The rise of feminism in the modern world has been a boon in many respects. For one, it enabled new perspectives on and opportunities for women, which had not been immediately available to them for centuries. It freed them from potentially harmful and abusive stereotypes that have long defined femininity (such as those found in Brady’s essay). In fact, feminism became the prominent discourse from which the modern woman, as she is often depicted, molds herself—or, at least, is instrumental to her identity construction. Perhaps it is consequential, then, that the narrative of the independent, intelligent woman, who does not require a man for sustenance and whose qualities sometimes far outshine those of the males of species, has become a prominent image in our day and age (Homans; Schwarzbaum). But this comes with a steep price. Perhaps due to the unexpected growth of the movement from its 1960s roots, it marked the beginning of another inequality we face today: a growing trend of male intolerance that is steadily taking root in modern perception. What was once reflected in the lives of women is now lived within the experiences of many men.
Today, the apparent glorification of women in society almost always comes with the unavoidable denigration of men. Hanna Rosin’s creation of the concepts of Plastic Woman and Cardboard Man are symptomatic of this: that men are “mentally muscle-bound” while women are “infinitely malleable” heralds the creation of a new stereotype, one that is essentially anti-male in conception (Homans). Rosin celebrates ‘the end of men’, i.e. the end of paternalistic society, which has nurtured the view of female inferiority for millennia. For her, the displacement of men in key sectors of the workforce marks a new era of prosperity for women. Along with the depiction of modern women as strong and determined, Rosin paints a generalized image of men as “unambitious couch potatoes” (Homans). Rosin’s writing reveals a social consensus that many of us tend to accept uncritically. The presentation of men as clumsy, stupid and/or weak—especially in relation to proximate female bodies—has arguably become a staple of media and entertainment. This new branding of gender roles has found its way into the more intimate aspects of society, like education. As Sommers has keenly observed, there is a blatant misrepresentation of boys and an inevitable favoring of girls in the current system. In a more recent article, she argues that conduct in school is a significant determinant of student assessment and grading in the classroom setting, a criterion which tends to affect more girls positively than boys. The rowdiness and social misbehavior associated with boys, after all, do not conform to the mold of expectations embodied by school standards, where students are ‘supposed to’ sit still and listen (“Boys at the Back”). But gender defines behavior to a significant extent; Sommers argues that masculine traits tend to be pre-defined to a degree, and while genetics is not wholly responsible for behavior, it is a significant contributor. She argues that male conduct, especially during childhood, is a manifestation of their capacity for ‘tempered maleness,’ which she sees as a social good, even a social necessity: “traditional male traits such as aggression, competitiveness, risk-taking and stoicism—constrained by virtues of valor, honor and self-sacrifice—are essential to the well-being and safety of our society” (“In Their Nature”). And yet it is viewed by many educators themselves as “primitive violence—a lethal masculinity,” to the point of ‘reforming’ them—if that were at all possible—ignoring all consideration of genetics entirely (“In Their Nature”). On the subject of biology, Shwarzbaum also highlights a key issue on the concurrent changes in gender qualities and standards. The modern woman’s anxiety, embodied in the image of the bag-lady, comes from the unique social conditions that have been formed in the past couple of decades under the banner-head of feminism, and also from biological instincts that predate modern efforts for gender equity. Shwarzbaum describes an instinctive desire to be taken care of, despite the context of self-sufficiency. She highlights the cause of this neurosis, as she calls it, to the fact that for generations, women have been raised to expect traditional trade-offs between genders—“his paychecks, her casseroles”—but current trends have made these expectations obsolete (Shwarzbaum). Homans shares this point of view. She asks while criticizing Rosin’s Plastic Woman concept: “how flexible can a woman be when she has been training for something for years and suddenly it is blown off the map by the new economy?” (Homans).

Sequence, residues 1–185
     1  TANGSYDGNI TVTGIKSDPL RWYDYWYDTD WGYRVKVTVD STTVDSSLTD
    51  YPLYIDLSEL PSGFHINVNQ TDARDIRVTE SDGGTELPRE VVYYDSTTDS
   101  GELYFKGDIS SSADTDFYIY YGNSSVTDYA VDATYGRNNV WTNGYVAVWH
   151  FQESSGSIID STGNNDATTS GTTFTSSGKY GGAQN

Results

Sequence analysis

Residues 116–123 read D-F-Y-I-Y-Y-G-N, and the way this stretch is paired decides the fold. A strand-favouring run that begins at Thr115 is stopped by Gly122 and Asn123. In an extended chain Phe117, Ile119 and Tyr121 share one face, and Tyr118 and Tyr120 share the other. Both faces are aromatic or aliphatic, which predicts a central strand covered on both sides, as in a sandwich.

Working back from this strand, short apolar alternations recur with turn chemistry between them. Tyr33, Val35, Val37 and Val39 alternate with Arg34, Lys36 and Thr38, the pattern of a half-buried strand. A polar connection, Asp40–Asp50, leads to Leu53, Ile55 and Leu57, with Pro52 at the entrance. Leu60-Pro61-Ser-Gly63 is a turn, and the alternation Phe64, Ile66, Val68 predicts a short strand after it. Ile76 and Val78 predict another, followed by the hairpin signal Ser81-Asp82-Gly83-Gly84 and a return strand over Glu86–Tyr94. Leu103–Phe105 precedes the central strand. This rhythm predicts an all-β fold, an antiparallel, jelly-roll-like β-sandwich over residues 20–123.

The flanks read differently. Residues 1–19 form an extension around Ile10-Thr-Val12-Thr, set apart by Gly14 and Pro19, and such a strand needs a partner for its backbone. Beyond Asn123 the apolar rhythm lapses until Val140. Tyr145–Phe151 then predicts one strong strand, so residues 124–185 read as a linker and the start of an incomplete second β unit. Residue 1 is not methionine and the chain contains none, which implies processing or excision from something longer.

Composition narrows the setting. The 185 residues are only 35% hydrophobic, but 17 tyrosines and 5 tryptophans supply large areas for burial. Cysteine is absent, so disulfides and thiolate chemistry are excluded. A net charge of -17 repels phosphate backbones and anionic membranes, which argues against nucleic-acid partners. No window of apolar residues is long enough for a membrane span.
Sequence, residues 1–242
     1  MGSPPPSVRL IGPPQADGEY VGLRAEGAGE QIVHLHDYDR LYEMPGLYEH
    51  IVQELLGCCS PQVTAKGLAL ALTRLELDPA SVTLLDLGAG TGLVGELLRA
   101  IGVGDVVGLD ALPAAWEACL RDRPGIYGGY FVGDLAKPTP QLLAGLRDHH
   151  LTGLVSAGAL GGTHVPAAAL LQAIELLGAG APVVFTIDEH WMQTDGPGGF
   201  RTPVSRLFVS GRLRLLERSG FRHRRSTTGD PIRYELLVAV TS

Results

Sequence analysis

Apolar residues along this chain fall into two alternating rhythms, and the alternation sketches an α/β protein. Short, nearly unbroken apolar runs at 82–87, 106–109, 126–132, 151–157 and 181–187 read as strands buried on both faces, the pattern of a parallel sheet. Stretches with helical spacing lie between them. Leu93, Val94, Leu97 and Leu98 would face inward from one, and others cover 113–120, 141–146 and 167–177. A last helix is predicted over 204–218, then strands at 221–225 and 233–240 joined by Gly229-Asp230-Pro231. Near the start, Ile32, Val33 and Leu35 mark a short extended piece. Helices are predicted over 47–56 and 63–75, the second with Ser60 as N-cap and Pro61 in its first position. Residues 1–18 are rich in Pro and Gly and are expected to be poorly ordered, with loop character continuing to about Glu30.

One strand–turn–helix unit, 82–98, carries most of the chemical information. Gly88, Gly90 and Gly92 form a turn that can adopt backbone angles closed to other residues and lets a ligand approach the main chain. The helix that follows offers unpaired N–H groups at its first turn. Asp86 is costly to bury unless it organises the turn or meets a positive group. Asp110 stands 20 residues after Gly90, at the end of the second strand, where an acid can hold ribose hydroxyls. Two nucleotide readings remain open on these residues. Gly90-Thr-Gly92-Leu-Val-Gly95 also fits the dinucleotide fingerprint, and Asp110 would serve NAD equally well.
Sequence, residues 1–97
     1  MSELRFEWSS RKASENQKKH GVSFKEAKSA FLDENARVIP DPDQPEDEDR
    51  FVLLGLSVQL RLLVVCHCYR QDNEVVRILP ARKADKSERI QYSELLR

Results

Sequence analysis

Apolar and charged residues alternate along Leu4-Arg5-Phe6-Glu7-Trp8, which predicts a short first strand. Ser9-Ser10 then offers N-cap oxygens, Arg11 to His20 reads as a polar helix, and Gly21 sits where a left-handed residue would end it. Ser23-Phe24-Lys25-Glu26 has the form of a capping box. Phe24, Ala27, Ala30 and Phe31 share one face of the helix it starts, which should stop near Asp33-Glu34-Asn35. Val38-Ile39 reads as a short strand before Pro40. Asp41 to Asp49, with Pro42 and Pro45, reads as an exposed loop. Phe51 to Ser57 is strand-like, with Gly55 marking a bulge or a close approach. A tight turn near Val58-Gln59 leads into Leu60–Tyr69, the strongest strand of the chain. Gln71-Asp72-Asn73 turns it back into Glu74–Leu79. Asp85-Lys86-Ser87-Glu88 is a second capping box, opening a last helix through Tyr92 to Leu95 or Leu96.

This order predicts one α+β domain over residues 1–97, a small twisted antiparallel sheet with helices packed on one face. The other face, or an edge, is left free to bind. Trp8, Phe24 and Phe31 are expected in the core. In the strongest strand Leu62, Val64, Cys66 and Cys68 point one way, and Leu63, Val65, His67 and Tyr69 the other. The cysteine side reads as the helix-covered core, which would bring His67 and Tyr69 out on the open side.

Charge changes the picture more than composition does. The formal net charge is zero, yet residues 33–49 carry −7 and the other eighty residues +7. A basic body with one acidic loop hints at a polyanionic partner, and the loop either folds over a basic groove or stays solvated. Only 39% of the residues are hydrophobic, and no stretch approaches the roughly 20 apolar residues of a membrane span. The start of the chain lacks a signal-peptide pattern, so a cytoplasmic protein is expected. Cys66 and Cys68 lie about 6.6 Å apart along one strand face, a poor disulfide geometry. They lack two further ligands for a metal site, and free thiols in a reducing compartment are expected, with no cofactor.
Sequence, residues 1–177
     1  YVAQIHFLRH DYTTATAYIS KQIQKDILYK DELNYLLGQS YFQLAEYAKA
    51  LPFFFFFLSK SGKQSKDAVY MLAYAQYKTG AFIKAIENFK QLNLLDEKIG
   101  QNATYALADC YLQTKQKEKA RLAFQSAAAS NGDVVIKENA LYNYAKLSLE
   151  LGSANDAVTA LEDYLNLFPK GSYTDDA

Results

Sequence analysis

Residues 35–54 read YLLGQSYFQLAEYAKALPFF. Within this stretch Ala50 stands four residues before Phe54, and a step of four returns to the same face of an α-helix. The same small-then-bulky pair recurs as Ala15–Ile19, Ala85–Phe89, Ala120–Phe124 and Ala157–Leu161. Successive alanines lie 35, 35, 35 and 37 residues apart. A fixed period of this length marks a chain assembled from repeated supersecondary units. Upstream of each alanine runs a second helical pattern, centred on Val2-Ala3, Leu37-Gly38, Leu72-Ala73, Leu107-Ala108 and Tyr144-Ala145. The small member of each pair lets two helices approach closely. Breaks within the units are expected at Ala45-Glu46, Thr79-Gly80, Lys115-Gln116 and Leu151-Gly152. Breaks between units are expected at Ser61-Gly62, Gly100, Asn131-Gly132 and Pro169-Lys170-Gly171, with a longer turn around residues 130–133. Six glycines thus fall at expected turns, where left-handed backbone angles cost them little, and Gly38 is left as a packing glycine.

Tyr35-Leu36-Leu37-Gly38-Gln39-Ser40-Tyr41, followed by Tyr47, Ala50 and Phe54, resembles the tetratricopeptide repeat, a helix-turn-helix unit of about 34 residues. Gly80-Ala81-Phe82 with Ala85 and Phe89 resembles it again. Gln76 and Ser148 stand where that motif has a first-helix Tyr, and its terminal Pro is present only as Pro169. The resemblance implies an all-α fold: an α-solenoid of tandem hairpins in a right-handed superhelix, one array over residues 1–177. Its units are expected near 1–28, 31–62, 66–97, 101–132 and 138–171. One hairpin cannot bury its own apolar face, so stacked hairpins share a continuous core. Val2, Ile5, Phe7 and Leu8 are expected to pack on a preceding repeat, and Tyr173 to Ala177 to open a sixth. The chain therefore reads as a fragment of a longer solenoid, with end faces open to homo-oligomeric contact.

This is not to undermine efforts for gender equality made possible by the rise of the feminist movement. However, there is also a danger in downplaying the role of men in society in our desire to elevate the status and conditions of women. The dominant mode of feminist discourse and of the feminized society has yet to achieve true equality, because it merely reverses the roles of male and female in an oppressive binary relationship. Ignoring the effect of biology and the framework of society on our assessments of gender value and behavioral quality is a pitfall that we must be careful to avoid, because, if we are not careful, our actions might lead to yet another future where a past, that we should have learned from, is repeated.
Brady, Judy. I Want a Wife. 1971. Web. 04 October 2013.
Homans, Jennifer. “A Woman’s Place: ‘The End of Men,’ by Hanna Rosin”. The New York Times. 13 September 2012. Web. 04 October 2013.
Schwarzbaum, Lisa. “The Fear that Dare Not Speak its Name.” The New York Times. 13 September 2013. Web. 04 October 2013.
Sommers, Christina Hoff. “Men—It’s in Their Nature.” The American Enterprise. September 2003. Web. 04 October 2013.
Sommers, Christina Hoff. “The Boys at the Back.” The New York Times. 02 February 2013. Web. 04 October 2013.